Today, the Commerce Department reported the US current account deficit in the second quarter was $195.7 billion and for the first half $394 billion. At this rate, the 2005 deficit, will be $788 billion, and overwhelm the $668 billion record established in 2004.
|Professor Peter Morici is a recognized expert on international economic policy, the World Trade Organization, and international commercial agreements. Prior to joining the university, he served as director of the Office of Economics at the U.S. International Trade Commission. |
The current account is dominated by the trade deficit for goods and services, which was $173.3 billion in the second quarter. At this pace, the trade deficit is headed for a new record in 2005, $693 billion, or 5.5 percent of GDP. In 2004, the goods and service deficit was $617.6.
The current account reduces the demand for U.S.-made goods and services, much like a tax increase or government spending cut of comparable size.
Cutting the trade deficit in half would increase economic growth from 3.5 percent in 2005 to 4.5 percent by the beginning of 2007, and reduce unemployment to below 4.5 percent.
The ballooning trade deficit is the most significant factor slowing U.S. growth. Over the last year, GDP growth has slowed from 4.5 percent to 3.5 percent. Federal Reserve interest rate increases, by failing to affect mortgage interest rates and other long bond rates, have had little impact. Whereas the current account deficit has taken a lion's bite out of growth.
Manufacturing is particularly hard hit. Lowering the trade deficit would create nearly 2 million more manufacturing jobs over three years. An effective policy to lower the trade deficit would particularly benefit highly competitive U.S. durable goods' manufacturers such as machine tools, industrial and construction machinery, auto parts, and electronic equipment. It would substantially lift nonresidential construction by accelerating new investments in industrial facilities.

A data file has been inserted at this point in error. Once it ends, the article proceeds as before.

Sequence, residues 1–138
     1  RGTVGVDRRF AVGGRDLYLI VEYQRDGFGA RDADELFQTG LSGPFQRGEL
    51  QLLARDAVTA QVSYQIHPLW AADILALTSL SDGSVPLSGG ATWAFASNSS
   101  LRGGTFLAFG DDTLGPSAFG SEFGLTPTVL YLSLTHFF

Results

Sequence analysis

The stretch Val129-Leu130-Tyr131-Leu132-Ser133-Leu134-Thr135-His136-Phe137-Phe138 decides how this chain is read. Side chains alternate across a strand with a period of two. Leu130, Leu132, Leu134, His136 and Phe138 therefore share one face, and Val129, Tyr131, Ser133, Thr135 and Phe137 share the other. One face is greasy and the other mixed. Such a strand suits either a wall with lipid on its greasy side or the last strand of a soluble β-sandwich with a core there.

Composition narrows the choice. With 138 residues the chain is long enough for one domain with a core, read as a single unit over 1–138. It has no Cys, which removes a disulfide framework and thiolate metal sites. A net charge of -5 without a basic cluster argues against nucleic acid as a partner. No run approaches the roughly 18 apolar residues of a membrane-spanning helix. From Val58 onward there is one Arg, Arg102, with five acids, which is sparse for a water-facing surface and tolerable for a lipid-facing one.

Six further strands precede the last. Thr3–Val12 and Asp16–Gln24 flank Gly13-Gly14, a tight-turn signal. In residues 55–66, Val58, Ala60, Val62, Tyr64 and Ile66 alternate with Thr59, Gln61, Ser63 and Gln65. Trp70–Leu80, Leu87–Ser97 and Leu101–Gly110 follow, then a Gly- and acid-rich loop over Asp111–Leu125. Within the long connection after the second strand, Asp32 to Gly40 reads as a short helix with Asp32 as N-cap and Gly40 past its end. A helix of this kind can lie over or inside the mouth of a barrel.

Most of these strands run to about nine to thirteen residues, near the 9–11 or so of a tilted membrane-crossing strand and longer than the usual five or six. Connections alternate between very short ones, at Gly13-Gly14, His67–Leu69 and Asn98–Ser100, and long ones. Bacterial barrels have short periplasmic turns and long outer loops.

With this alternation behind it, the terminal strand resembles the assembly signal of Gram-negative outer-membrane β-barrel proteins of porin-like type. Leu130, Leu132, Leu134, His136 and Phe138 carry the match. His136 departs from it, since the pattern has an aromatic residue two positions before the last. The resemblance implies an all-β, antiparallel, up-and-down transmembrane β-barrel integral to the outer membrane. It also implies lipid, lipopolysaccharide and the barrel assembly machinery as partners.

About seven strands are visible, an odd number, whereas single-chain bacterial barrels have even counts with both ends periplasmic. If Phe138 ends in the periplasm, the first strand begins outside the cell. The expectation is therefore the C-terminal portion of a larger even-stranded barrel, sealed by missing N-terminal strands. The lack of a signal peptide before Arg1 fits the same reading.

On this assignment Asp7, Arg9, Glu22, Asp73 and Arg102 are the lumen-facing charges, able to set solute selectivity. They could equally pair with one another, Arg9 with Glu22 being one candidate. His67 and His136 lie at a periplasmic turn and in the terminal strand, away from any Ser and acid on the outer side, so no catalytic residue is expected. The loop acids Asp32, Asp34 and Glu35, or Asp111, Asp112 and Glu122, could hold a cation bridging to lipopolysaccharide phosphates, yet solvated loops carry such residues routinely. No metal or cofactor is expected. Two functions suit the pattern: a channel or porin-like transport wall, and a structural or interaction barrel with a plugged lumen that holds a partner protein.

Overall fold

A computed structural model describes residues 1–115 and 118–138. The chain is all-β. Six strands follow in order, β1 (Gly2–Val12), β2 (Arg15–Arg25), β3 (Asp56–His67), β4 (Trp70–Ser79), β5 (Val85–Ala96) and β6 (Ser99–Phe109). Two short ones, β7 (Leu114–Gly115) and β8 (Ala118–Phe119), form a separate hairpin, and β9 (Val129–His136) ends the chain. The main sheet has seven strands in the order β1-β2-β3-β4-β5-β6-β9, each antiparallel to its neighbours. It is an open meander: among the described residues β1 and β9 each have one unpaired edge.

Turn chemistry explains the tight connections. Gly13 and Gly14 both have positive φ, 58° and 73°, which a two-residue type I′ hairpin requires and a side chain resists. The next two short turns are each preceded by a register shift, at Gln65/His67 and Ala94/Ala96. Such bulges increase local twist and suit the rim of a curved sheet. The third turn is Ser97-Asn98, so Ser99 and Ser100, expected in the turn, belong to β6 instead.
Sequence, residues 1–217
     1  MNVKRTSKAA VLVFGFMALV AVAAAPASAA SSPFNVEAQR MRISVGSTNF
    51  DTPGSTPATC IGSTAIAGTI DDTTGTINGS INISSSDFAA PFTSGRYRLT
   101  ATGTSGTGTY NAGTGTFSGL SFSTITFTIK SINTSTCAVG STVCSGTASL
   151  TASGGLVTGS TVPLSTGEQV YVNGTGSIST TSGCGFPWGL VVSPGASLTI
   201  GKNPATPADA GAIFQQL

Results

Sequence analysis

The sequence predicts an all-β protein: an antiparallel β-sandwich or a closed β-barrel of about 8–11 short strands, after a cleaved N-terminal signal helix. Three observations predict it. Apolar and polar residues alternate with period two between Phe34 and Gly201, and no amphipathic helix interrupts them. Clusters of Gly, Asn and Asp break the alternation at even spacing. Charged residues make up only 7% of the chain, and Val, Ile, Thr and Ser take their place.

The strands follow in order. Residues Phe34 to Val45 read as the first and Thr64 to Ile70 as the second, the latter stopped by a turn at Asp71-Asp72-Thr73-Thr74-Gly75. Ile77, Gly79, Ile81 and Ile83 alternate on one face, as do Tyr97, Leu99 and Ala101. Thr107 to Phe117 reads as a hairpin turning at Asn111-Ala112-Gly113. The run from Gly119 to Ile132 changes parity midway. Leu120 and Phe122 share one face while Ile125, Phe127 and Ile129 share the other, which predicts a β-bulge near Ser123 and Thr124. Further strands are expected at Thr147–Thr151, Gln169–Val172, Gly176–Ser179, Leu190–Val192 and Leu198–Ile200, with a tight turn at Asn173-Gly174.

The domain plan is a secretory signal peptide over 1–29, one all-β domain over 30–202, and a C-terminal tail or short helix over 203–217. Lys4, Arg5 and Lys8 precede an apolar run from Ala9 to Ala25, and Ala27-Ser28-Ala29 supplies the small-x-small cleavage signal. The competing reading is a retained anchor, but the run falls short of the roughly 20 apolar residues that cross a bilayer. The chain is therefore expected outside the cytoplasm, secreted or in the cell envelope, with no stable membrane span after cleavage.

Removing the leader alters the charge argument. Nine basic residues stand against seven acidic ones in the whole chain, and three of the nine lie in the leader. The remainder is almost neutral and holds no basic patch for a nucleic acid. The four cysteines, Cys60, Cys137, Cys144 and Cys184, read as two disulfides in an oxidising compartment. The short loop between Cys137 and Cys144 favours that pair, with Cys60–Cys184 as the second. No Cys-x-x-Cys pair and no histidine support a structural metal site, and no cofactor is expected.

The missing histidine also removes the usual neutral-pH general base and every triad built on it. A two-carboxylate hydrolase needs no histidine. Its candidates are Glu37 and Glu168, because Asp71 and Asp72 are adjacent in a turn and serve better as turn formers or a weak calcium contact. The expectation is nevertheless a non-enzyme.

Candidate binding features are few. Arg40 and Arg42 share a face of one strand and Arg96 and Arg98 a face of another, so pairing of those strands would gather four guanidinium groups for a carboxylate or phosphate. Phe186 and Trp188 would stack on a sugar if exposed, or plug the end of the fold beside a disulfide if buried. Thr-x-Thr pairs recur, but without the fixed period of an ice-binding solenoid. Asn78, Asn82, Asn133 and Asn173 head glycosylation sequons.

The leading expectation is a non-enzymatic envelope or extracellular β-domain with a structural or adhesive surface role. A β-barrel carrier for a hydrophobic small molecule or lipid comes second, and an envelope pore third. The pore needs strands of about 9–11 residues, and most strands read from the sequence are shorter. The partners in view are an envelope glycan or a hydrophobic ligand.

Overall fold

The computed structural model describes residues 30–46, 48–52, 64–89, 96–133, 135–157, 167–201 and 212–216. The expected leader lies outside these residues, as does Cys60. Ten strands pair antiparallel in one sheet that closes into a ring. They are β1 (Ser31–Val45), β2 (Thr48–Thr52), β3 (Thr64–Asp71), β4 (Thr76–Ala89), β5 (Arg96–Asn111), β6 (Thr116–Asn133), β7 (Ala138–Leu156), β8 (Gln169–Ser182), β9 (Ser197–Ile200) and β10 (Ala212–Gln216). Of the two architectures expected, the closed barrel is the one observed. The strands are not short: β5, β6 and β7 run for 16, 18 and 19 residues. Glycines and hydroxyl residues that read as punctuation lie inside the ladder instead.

Foreign government currency manipulation is the root cause of the U.S. trade deficit. These actions overwhelm the effects of large U.S. budget deficits, and by lowering GDP and U.S. tax collections, and make U.S. budget woes worse.
Although the dollar has fallen against the euro and other major industrialized countries' currencies, it continues strong against developing-country currencies--such as the Chinese yuan. In the second quarter, foreign government purchases of U.S. dollars were $83 billion.
Governments in Asian developing countries intervene in foreign exchange markets to artificially lower exchange rates for their currencies against the dollar, and keep their goods cheap in stores like Wal-Mart.
Since January 2002, the dollar is down an average of 15 percent against all currencies. The dollar fell an average of 25 percent against the euro and other industrialized country currencies, but it is up an average of about 1 percent against the Chinese yuan and other developing country currencies. The Chinese 2.1 percent revaluation announced June 21 was too small to significantly affect the value of the dollar or have a measurable effect on trade.
Were foreign governments to stop manipulating their currencies, the U.S. trade deficit would be cut by half, U.S. growth would accelerate to 4.5 percent and unemployment would fall below 4.5 percent by the beginning of 2007.
Without more forceful efforts from the Bush Administration to persuade China and other Asian exporters to stop manipulating currency markets and subsidizing their exports to the United States, U.S. workers will continue to face a tough job market and wages adjusted for inflation will continue to stagnate and fall.
Longer-term, U.S. import-competing and export industries spend at least 50 percent more on R&D and encourage more investments in skills and education than other sectors of the economy. By shifting employment away from these trade-competing industries, the trade deficit is reducing U.S. investments in knowledge-based industries and skills, and slashing more than one percentage point off economic growth each year.
The trade deficit remains the single most important tax on U.S. growth and burden on American workers.
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